Joshua Landis and Suzette Grillot discuss what Israeli Prime Minister Benjamin Netanyahu’s speech in Washington this week says about a possible shift in U.S./Middle East alliances. Many traditional U.S. allies are worried Washington might shift toward Iran and away from Israel and Saudi Arabia.

Later, Landis and Rebecca Cruise talk with Pulitzer Prize-winning historian Gordon Wood. He compares this decade’s uprisings in the Arab World to what he calls an “Atlantic Spring” that started in 1776.

U.S. Secretary of State John Kerry shakes hands with Israeli Prime Minister Benjamin Netanyahu in Tel Aviv, Israel, on July 23, 2014, before the two sat down to discuss a possible cease-fire to stop Israel's fight with Hamas in the Gaza Strip.
U.S. Department of State

Israel's Prime Minister Benjamin Netanyahu delivered an address before Congress on Tuesday, urging President Obama not to craft a nuclear deal with Iran.

The domestic politics of the speech have been widely discussed, but the speech has raised issues of shifting U.S. alliances with Middle East countries.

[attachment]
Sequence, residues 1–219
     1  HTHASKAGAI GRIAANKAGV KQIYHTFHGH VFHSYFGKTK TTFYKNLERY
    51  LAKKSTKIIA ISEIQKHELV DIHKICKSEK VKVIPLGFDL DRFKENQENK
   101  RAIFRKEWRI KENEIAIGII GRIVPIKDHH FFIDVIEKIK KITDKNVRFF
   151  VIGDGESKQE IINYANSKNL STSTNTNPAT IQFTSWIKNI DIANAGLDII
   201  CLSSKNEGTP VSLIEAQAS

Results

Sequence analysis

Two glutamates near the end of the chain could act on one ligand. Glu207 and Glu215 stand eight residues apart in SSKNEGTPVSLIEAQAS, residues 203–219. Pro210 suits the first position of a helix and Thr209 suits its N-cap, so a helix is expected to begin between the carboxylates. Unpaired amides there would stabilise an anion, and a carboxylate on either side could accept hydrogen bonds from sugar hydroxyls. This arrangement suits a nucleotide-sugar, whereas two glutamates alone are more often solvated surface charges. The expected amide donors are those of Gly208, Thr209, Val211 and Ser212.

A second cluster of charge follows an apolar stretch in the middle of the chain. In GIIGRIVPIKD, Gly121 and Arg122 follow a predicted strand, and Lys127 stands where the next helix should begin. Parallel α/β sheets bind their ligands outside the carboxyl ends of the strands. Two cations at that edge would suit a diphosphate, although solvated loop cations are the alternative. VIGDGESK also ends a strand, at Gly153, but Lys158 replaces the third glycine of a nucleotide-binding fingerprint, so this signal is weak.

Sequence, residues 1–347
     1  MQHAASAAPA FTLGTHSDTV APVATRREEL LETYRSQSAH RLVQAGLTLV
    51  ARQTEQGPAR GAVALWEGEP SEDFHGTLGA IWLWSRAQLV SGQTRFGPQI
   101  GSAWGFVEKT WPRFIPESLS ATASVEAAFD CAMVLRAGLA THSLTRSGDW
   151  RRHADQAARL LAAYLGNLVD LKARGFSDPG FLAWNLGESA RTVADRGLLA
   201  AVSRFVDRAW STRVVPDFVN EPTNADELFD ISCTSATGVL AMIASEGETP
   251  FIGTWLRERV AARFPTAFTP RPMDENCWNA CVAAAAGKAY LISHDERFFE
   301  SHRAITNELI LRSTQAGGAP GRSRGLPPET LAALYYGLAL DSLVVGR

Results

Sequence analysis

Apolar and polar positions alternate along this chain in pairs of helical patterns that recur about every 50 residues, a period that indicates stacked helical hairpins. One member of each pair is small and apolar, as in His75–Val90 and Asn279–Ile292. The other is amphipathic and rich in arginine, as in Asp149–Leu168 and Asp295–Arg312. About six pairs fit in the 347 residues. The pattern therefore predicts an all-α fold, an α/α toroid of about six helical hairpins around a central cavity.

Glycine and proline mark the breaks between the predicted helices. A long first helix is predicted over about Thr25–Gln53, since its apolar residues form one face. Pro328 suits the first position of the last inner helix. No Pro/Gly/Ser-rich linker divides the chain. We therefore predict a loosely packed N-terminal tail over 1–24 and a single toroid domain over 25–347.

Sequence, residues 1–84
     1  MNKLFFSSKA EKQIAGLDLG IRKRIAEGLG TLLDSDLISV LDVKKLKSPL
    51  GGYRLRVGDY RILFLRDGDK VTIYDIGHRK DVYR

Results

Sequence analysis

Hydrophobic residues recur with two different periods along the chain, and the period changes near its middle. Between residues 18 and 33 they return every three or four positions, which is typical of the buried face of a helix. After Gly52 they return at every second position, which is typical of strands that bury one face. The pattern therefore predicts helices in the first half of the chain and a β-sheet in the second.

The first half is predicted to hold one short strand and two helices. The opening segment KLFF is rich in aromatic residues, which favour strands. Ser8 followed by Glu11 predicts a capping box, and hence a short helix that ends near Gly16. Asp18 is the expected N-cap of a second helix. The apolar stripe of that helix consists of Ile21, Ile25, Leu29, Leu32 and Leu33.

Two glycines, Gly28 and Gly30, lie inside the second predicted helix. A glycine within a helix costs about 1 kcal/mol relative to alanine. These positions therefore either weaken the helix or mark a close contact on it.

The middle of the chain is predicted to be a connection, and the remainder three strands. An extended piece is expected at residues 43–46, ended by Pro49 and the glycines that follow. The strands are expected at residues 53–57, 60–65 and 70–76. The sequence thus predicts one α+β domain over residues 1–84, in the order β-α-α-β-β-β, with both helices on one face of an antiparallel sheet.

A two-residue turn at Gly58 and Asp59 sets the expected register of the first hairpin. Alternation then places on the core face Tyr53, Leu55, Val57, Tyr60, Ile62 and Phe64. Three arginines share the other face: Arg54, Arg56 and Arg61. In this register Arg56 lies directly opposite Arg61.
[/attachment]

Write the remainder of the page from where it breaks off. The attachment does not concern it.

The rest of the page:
Rebecca Cruise and Suzette Grillot discuss tensions between Israel and the United States ahead of Prime Minister Benjamin Netanyahu’s address to Congress next week, and European nations that are working to develop a more unified energy policy.

Then, a conversation with art historian Maya Stanfield-Mazzi. She studies pre-Colombian art in the Andes, and says the work of South America’s Inca culture was abstract, without a clear narrative.

Samer Shehata joins Suzette Grillot to talk about democratic developments in Egypt, and how the conviction of journalists and questions about the fairness of May’s elections have affected the country’s relations with the United States.

Later, a conversation about police cooperation and Europe’s internal security policy with Canisius College political scientist John Occhipinti.

U.S. Department of State / Flickr Public Domain

It’s been almost 13 months since the coup that ousted Egypt’s first democratically elected president Mohamed Morsi. Since then, there’s been a great deal of violence that accompanied the transition leading to the inauguration of Abdel Fattah el-Sisi on June 8.